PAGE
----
With the successful flight testing of nuclear-capable surface-to surface ballistic missle 'Dhanush', the Indian Navy today created another milestone in its on-going strategic programme.
The surface-to-surface Dhanush is a naval variant of India's indigenously developed 'Prithvi' missile.
The missile was fired from a naval warship off the Odisha coast.
The trial termed 'training exercise' was conducted at about 11.10 am from an undisclosed location in the Bay of Bengal in the vicinity of Paradeep and Gopalpur.
While the test was carried out by Navy personnel, the DRDO provided the logistic support to track its flight path.
According to The New Indian Express which quoted defence sources, the ship-launched Dhanush missile was test fired during its final operational configuration from a warship anchored around 45 km offshore Puri, while other essential supports for the test were provided by another ship. This came as the 10th test of the anti-ship missile.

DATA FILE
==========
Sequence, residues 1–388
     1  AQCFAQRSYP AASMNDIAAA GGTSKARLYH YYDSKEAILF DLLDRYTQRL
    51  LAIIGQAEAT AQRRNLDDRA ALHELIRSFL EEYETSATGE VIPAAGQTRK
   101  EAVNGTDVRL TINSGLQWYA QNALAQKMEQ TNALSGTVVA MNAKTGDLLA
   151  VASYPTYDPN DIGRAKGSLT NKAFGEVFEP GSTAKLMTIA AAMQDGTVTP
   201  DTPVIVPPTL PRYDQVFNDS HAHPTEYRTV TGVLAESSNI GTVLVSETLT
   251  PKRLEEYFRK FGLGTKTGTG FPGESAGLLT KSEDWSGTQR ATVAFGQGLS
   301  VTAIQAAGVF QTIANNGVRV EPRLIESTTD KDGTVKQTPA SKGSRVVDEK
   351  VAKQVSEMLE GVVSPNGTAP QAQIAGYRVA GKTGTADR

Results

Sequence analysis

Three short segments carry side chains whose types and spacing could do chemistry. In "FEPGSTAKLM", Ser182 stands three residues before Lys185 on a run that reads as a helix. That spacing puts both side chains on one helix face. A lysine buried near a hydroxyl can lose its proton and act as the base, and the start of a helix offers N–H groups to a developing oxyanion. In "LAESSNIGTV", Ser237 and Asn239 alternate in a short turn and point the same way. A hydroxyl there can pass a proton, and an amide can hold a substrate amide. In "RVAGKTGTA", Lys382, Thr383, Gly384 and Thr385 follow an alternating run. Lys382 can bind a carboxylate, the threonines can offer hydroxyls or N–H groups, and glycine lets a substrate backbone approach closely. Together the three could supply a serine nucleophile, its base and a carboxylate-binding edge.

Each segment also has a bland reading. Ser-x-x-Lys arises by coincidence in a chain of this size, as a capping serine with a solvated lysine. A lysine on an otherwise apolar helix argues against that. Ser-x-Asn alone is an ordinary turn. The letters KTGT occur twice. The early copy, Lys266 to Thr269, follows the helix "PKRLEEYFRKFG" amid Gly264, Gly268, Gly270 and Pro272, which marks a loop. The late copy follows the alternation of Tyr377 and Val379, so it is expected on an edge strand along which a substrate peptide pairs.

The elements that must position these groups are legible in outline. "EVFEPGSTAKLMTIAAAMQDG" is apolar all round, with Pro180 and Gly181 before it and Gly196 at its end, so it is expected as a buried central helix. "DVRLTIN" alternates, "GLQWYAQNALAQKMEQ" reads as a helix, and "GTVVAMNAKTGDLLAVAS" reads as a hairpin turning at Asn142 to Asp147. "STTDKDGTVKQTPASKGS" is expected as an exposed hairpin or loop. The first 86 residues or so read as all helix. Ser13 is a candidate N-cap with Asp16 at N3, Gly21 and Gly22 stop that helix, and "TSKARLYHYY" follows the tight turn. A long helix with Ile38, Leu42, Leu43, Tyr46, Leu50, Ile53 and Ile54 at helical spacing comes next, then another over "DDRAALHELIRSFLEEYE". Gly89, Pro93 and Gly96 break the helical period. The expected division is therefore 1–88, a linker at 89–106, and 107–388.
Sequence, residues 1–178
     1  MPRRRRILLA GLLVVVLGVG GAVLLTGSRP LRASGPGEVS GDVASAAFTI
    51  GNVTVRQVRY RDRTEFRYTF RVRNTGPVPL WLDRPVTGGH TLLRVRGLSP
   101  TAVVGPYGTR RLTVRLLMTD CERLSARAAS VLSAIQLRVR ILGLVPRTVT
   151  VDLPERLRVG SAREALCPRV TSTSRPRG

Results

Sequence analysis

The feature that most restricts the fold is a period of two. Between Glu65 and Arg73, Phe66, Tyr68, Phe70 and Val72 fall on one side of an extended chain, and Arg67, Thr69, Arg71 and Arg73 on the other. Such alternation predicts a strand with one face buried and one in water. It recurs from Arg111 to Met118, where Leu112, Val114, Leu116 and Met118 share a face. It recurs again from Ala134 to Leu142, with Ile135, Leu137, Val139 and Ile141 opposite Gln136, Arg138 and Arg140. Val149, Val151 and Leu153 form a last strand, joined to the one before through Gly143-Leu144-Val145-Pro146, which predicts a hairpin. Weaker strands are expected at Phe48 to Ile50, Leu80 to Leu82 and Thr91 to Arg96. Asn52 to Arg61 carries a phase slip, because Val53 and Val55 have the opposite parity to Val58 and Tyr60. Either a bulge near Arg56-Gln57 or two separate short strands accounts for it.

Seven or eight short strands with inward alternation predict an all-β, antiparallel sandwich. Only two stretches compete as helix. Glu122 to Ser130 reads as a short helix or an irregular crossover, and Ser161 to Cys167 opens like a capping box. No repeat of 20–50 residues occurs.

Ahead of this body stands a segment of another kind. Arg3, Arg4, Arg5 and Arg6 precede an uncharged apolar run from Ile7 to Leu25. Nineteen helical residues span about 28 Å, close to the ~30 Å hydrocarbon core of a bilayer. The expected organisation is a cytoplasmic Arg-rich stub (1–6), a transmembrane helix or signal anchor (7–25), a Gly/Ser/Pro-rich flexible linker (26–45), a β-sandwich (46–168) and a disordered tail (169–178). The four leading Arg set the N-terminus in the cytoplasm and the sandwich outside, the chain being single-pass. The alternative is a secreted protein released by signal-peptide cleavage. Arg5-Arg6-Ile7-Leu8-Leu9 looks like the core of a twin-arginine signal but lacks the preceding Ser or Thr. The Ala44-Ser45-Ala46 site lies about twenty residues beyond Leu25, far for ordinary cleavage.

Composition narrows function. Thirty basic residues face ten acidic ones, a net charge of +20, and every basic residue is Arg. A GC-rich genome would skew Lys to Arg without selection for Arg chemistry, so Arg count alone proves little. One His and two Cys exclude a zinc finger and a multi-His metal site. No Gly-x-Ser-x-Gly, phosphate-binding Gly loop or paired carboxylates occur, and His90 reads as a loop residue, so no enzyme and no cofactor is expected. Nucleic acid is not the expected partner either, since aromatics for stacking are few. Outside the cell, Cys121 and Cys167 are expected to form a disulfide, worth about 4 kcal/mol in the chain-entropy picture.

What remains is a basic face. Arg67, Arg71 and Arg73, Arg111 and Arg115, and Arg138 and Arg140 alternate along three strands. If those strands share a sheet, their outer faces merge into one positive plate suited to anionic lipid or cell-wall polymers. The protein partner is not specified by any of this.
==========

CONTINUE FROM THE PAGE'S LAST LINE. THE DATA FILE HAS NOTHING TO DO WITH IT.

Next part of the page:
Speaking to the newspaper, director of Integrated Test Range (ITR) MVKV Prasad described the mission as fantastic.
Prasad added, it was a user trial and had met all the mission objectives. He said all events occurred as expected and were monitored by the range sensors and the test was 100 per cent successful.
'Dhanush', the indigenously developed naval version of the 'Prithvi' ballistic missile has a striking range upto 350km and is capable of carrying a single warhead, conventional or nuclear up to 500 kg.
The single-stage missile, developed under the Integrated Guided Missile Development Programme (IGMDP), has already been inducted into the armed services and is among the five missiles developed by the Defence Research and Development Organisation (DRDO).